When it comes to defining them, we can say that:
Although seemingly similar at surface level, one particularly important difference to note here is that of implicit vs explicit focus.
Personalization is implicit. That’s because it takes place without actively asking users for their preferences. In other words, the company (or more likely their data and algorithm) controls and modifies the experience on the user’s behalf.
Customization, on the other hand, is something controlled by the user themselves and therefore explicit. Users are actively asked to make choices to tailor the experience to their own preferences.
Check out their more detailed differences summarized in the table below.
|Controlled by company|
Relies on data
Requires no conscious input
Involves no effort from user
|Controlled by user|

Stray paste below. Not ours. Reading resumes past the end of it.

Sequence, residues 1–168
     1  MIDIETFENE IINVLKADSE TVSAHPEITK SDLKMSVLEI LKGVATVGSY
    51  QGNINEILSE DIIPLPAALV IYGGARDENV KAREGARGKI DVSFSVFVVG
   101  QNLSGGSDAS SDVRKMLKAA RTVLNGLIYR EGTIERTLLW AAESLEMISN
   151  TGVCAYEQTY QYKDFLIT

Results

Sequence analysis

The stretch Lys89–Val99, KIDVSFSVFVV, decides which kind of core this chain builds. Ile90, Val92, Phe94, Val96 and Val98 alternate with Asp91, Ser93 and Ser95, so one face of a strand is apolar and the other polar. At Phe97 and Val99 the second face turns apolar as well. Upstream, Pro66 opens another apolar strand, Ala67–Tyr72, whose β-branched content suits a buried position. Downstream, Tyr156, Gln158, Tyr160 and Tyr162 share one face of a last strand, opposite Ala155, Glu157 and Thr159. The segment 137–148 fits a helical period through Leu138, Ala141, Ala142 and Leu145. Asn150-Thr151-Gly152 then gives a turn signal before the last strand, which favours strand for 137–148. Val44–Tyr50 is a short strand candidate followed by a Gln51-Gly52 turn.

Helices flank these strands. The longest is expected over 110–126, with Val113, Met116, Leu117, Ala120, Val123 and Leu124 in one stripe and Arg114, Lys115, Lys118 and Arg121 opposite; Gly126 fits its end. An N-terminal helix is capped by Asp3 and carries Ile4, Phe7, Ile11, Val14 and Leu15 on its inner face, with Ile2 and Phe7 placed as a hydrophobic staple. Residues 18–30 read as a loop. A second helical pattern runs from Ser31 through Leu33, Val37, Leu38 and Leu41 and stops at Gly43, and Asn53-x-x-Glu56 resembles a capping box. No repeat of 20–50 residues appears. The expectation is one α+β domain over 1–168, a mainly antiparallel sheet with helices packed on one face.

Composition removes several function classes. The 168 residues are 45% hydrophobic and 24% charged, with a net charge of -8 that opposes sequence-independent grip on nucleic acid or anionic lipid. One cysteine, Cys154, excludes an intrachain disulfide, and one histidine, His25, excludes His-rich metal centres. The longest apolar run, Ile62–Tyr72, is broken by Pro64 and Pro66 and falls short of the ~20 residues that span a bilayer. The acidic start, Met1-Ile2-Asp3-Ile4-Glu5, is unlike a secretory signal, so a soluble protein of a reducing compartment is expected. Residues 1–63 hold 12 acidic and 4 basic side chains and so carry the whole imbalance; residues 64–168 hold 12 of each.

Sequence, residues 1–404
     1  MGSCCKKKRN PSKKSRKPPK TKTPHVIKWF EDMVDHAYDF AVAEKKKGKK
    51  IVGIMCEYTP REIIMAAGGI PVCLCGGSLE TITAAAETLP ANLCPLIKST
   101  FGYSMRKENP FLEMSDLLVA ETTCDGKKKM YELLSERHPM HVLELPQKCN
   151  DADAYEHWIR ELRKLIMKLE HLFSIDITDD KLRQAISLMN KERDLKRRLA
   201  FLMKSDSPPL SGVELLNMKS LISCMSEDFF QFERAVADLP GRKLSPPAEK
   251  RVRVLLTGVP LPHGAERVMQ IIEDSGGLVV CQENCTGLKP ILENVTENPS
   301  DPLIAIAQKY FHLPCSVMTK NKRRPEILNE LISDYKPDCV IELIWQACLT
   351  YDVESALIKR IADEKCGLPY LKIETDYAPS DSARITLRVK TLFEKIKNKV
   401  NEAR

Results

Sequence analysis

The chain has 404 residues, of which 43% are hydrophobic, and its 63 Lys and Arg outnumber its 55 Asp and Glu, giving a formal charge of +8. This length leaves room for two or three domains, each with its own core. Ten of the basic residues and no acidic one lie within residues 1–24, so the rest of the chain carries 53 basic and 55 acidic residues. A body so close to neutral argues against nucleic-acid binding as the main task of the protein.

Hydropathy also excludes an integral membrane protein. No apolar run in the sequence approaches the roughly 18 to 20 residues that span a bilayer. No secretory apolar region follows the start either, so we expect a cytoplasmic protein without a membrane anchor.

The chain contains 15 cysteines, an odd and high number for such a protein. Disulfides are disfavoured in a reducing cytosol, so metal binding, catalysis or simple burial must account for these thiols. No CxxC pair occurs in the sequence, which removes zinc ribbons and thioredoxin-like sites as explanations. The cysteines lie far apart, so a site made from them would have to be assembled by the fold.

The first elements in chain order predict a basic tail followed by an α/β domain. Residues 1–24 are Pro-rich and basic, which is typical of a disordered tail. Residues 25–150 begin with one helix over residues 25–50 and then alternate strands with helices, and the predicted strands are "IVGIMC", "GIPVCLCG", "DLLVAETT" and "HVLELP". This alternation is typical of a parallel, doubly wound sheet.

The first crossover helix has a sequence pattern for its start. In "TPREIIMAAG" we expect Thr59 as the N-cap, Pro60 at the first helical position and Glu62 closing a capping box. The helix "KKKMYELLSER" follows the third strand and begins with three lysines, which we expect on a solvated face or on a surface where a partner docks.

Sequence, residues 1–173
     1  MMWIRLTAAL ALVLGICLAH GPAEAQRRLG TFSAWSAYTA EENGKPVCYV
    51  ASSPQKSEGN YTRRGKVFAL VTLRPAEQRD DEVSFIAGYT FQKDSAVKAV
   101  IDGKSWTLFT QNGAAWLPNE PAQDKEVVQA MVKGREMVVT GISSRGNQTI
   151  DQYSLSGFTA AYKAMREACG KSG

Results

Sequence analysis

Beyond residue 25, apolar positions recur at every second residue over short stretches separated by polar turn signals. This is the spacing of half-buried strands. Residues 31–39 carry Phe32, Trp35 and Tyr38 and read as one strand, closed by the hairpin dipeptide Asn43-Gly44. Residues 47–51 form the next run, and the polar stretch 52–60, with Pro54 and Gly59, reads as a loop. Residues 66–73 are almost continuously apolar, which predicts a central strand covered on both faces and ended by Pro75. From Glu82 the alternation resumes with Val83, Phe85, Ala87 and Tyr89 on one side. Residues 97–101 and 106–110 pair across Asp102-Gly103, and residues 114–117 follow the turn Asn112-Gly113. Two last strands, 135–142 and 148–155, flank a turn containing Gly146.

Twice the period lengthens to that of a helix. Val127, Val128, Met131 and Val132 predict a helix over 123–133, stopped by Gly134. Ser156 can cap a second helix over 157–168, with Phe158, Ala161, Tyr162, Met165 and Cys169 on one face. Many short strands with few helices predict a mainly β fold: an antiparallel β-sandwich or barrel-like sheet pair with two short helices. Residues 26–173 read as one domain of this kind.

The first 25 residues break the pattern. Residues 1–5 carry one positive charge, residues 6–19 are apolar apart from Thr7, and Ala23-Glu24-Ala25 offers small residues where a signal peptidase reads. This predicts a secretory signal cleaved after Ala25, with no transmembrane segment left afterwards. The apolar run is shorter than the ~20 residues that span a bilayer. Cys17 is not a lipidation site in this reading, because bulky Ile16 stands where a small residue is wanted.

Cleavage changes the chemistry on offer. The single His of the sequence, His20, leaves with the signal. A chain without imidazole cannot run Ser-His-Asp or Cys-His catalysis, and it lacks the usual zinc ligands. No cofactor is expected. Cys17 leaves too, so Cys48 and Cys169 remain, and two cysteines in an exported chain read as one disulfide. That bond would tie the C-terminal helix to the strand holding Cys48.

Relies on user choice
Requires conscious input
Involves effort from user
Despite what the name might suggest, personalization isn’t always… well, personal. What we mean is that the experience needn’t be completely unique to every single individual.
Mass personalization creates specific digital experiences for particular audiences based on certain criteria. So, every user wouldn’t be sent an email completely unique to them, but rather something tailored towards the group they belong in. This usually happens courtesy of analysis models that allow businesses to segment their customer base for more effective targeting.